You can choose your friends but not your family. Usually that’s not a bad thing but for certain families, it is a nightmare indeed. Growing up in a family of sociopaths is bound to affect you, even if you’ve been shielded from the worst of them.

Joshua “J” Cody’s (Frecheville) mom is a heroin addict. Make that was – she checks out of this world while watching TV. J calls the authorities and while paramedics work on her, watches “Deal or No Deal” impassively. The boy has issues.

He is sent to live with his grandmother which might seem to be a good idea but really is throwing J from the frying pan into the fire. Janine (but everyone calls her Smurf) Cody (Weaver) might seem motherly and affectionate on the outside (she is always asking her sons for a kiss, kisses which go on just long enough to be uncomfortable) but her boys – Darren (Ford), Craig (Stapleton) and Andrew (Mendelsohn) – the latter known to one and all as Pope – are, respectively, a dim-witted thug, a coke-addicted unpredictably violent thug and a remorseless psychopath. How’d you like to attend that family reunion?

J gets sucked into the family business of armed robberies, drug dealing and other petty crimes and he gets to know Pope’s right hand man Baz Brown (Edgerton) who yearns to leave the life. However when a transgression against the family leads to tragedy, Pope is forced into hiding and Craig and Smurf assume control of the family business. Meanwhile, Police Sgt. Nathan Leckie (Pearce) is hot on the trail of the family and is concerned for J’s well-being. He also sees J as a potential informant, the key to ending the Cody family’s reign of terror once and for all.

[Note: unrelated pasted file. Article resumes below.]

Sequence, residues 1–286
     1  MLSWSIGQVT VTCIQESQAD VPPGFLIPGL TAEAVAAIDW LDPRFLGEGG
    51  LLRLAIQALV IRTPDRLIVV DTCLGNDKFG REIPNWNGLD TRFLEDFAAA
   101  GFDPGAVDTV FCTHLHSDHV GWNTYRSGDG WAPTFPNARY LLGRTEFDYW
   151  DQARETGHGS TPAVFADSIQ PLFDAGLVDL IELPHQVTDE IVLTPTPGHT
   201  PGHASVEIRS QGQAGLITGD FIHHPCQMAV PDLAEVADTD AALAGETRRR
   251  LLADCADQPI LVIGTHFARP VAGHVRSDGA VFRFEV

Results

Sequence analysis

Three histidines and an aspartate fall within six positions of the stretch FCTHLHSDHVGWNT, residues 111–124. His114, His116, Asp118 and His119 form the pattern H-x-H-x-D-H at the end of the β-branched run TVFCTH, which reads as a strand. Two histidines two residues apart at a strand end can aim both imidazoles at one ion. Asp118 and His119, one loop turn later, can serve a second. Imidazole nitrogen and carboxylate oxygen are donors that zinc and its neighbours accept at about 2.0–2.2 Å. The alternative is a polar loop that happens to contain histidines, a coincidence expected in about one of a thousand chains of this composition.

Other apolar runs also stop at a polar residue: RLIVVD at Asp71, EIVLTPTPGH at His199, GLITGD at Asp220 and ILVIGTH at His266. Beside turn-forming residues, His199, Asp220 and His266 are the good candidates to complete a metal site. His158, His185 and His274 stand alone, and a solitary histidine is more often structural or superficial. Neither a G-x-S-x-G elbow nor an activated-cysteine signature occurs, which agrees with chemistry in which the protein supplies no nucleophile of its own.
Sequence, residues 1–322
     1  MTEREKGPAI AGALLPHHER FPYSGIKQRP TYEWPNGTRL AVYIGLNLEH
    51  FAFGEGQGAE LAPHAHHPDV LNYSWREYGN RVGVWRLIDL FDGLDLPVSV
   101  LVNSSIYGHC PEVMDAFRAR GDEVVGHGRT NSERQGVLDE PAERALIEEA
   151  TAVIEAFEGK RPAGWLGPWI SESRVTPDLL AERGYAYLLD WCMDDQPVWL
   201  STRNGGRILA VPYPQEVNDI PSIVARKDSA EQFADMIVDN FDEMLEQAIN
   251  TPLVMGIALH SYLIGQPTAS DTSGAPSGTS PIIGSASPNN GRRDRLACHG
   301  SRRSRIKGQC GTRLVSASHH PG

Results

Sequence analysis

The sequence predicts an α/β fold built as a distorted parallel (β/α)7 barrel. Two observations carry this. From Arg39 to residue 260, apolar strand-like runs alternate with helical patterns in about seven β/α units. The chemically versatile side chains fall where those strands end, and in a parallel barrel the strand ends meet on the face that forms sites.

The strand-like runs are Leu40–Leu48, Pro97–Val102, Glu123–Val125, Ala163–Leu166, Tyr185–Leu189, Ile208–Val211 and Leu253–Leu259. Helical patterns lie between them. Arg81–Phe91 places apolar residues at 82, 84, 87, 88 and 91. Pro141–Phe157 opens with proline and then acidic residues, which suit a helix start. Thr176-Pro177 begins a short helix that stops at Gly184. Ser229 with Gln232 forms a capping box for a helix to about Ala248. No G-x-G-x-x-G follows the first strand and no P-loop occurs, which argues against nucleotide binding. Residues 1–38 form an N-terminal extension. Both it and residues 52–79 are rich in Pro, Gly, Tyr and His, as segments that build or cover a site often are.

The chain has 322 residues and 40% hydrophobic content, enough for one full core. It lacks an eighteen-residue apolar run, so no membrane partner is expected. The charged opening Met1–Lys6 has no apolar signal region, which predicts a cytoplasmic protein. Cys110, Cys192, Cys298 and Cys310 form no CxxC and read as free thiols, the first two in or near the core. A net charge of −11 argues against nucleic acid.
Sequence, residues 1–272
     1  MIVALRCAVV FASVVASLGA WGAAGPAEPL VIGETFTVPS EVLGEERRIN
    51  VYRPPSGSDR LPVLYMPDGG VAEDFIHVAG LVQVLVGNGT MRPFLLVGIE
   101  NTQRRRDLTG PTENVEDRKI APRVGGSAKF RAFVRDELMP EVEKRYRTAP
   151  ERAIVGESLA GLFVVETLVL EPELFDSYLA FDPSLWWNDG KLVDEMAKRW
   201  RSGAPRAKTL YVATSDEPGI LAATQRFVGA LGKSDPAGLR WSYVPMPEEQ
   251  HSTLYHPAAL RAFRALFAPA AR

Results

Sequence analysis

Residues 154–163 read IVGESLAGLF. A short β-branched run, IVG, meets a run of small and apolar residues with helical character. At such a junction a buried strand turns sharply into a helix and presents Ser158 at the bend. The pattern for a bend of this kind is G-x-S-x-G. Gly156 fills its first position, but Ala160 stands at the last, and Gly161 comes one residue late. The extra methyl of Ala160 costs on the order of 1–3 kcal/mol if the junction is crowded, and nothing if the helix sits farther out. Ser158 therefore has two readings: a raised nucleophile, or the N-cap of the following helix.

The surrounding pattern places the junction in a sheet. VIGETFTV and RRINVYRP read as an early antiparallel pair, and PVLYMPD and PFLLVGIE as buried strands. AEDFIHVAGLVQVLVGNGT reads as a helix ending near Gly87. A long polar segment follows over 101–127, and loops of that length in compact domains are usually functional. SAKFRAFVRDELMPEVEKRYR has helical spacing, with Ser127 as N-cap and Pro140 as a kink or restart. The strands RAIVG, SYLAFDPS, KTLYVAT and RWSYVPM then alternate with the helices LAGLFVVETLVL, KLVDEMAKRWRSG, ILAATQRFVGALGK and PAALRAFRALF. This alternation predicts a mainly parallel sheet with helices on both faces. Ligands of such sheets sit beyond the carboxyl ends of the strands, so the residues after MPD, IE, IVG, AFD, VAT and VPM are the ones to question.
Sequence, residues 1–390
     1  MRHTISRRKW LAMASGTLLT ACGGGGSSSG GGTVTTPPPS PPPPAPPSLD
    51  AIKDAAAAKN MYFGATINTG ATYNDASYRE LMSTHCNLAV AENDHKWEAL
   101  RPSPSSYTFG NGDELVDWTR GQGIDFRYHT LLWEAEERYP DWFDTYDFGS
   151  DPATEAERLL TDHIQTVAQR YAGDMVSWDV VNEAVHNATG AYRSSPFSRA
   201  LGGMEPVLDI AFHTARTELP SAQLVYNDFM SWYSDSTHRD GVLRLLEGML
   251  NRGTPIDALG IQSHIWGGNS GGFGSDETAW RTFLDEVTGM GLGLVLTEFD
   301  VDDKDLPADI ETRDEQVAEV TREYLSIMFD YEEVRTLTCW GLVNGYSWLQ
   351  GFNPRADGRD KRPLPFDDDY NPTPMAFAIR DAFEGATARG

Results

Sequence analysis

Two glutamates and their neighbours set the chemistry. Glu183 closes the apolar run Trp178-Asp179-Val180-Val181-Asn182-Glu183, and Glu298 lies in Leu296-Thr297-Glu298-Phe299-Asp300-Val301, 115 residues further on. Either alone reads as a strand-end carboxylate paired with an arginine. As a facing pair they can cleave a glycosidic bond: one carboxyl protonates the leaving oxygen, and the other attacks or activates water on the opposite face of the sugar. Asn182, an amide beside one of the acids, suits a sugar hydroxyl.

It’s hard to believe that this is Michod’s first feature as a director. It’s so self-assured and well-executed that you’d think someone like Coppola or Scorsese had something to do with it. It doesn’t hurt that he has a bangin’ script to work with, as well as a group of actors who are quite talented although other than Pearce and Edgerton not terribly well-known in the States.

Weaver was justly nominated for a Best Supporting Actress Oscar at the 2011 Academy Awards and while she didn’t win, she gives a performance here that she will undoubtedly be remembered for the remainder of her career. She is at turns sweet and cuddly, cold and manipulative and creepy and psychotic. She’s the type of person who in one moment can be kissing her grandson and the next ordering his execution. It’s a bravura performance and worth renting/streaming the movie for all by itself.